Logistic regression is the most widely used machine learning algorithm for classification problems. In its original form it is used for binary classification problem which has only two classes to predict. However with little extension and some human brain, logistic regression can easily be used for multi class classification problem. In this post I will be explaining about binary classification. I will also explain about the reason behind maximizing log likelihood function.

To understand logistic regression, it is required to have good understanding of linear regression concepts and it’s cost function that is nothing but the minimization of sum of squared errors. I have explained this in detail in my earlier post and I would recommend you to refresh linear regression before going deep into logistic regression. Assuming you have good understanding of linear regression let’s start deep diving to logistic regression. However there arises one more question why can’t we use linear regression for classification problems. let’s understand this first as this will be very good foundation for understanding the logistic regression.

**Why can’t we use linear regression for classification problems?**

Linear regression produces continuous values between [- ∞ to + ∞ ] as output for the prediction problem. So if we have a threshold defined so that we can say that above the threshold it belongs to one class and below the threshold it is another class and in this way we can intuitively say that we can use linear regression to solve a classification problem. However story does not ends here. Question arises, how to set the threshold and what about adding new records won’t change the threshold? Threshold we calculate by looking into the best fit line and by adding new record sets, best fit line changes which further changes the threshold value also. Hence we can not confidently say that a particular record belongs to which class as we don’t have a certain threshold defined. And this is the main reason we can not directly use linear regression for classification problems.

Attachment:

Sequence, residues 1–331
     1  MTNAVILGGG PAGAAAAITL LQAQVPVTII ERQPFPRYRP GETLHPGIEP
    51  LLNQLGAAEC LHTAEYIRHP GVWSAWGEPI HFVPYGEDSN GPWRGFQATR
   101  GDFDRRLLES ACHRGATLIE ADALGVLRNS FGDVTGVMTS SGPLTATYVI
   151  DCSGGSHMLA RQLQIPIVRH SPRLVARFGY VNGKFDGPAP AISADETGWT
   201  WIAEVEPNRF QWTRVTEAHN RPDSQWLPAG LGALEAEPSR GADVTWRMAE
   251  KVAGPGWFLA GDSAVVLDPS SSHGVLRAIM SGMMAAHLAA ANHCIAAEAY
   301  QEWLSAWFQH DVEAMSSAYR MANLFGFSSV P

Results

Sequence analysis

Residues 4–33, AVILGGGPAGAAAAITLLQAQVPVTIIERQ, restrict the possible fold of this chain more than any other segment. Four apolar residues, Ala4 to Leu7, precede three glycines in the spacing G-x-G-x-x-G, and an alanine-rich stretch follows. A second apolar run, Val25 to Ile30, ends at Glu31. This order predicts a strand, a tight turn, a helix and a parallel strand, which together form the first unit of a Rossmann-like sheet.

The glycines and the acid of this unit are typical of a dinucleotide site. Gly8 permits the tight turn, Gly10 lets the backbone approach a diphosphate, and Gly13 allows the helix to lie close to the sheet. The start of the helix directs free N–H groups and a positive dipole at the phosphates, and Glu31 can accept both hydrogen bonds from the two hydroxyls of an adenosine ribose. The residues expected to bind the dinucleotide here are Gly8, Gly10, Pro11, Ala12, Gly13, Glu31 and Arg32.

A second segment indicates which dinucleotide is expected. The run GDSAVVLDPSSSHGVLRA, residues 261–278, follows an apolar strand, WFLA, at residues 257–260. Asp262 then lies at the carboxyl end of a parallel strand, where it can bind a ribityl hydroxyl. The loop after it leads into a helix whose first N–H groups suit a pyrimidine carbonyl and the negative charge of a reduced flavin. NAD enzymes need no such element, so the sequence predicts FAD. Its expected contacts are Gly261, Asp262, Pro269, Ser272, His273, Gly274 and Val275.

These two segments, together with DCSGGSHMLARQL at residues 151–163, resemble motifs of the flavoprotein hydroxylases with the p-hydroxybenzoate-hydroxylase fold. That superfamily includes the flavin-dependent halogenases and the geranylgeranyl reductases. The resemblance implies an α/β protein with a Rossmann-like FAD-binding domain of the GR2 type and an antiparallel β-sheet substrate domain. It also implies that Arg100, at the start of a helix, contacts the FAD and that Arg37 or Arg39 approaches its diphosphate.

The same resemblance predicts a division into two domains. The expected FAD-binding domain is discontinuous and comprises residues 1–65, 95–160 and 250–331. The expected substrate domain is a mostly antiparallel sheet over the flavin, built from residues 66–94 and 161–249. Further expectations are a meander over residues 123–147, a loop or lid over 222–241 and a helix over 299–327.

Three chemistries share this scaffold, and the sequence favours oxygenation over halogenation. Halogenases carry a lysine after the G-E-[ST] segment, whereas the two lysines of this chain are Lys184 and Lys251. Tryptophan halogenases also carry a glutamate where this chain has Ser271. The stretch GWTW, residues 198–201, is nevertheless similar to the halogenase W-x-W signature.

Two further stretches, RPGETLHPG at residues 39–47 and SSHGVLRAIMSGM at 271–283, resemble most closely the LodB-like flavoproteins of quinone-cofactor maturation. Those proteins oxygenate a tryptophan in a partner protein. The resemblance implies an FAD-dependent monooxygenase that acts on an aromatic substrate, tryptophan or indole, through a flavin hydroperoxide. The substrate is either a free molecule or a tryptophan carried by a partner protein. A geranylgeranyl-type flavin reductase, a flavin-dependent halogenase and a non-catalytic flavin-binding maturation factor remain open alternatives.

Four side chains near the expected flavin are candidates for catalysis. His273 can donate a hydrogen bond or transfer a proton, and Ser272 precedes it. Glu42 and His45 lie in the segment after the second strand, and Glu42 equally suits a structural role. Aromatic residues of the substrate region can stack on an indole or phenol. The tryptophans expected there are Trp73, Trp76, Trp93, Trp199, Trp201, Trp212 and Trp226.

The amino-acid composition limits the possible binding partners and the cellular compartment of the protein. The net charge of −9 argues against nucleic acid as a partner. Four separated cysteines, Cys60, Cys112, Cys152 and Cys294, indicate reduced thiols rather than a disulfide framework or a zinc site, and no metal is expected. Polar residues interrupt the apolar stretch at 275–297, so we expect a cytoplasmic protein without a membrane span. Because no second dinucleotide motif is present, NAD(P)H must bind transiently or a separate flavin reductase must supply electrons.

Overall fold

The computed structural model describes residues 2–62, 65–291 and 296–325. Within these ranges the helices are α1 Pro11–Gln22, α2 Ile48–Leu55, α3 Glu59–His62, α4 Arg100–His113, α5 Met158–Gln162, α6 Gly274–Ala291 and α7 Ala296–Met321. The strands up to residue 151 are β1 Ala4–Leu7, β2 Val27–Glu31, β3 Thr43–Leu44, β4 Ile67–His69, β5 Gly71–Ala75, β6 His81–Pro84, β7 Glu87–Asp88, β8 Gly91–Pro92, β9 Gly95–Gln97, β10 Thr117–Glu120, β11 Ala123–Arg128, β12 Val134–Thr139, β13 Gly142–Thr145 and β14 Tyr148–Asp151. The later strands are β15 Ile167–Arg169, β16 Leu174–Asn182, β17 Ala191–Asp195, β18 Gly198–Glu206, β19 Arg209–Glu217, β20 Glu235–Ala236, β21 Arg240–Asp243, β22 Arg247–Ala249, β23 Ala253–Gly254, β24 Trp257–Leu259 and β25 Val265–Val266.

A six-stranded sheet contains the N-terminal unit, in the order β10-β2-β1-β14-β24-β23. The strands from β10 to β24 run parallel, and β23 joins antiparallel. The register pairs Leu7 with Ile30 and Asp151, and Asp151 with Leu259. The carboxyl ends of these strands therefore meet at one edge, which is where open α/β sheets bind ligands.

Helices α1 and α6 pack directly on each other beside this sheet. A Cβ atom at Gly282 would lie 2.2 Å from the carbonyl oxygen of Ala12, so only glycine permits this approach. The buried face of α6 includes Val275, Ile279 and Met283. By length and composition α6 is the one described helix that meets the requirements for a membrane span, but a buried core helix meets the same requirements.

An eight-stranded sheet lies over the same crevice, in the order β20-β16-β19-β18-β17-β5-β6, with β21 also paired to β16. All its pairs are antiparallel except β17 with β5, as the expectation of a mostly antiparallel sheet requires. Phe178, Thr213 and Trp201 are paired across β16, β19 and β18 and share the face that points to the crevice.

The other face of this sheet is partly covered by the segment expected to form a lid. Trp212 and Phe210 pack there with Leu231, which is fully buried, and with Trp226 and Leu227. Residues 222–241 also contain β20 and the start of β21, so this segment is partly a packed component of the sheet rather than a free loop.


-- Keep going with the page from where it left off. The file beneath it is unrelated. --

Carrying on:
Below image describes this whole concept with an example.

If we extend the concept of linear regression and limit the range of continuous values output [- ∞ to + ∞] to [0 to 1] and have function which calculates the probability [0 to 1] of belonging to a particular class then our job will be done. And fortunately **Sigmoid ** or **Logistic **function do the job for us. Hence we also say that logistic regression is the transformation of linear regression using Sigmoid function.

**Sigmoid Function**

A **Sigmoid function** is a mathematical function having a characteristic “S”-shaped curve or **Sigmoid curve**. Often, *Sigmoid function* refers to the special case of the logistic function shown in the first figure and defined by the formula (source: Wikipedia):

So Sigmoid function gives us the probability of being into the class 1 or class 0. So generally we take the threshold as .5 and say that if p >.5 then it belongs to class 1 and if p<.5 then it belongs to class 0. However this is not the fixed threshold. This vary based on the business problem. And what threshold value should be, we can decide it with the help of AIC and ROC curves. Which I will be explaining later, in this post I will target mostly on how logistic regression works.

**How Logistic Regression works:**

As I have already written above that logistic regression uses Sigmoid function to transform linear regression into the logit function. Logit is nothing but log of Odds. And then using log of Odds it calculate the required probability. So let’s understand first what is the log of Odds.

**Log of Odds:**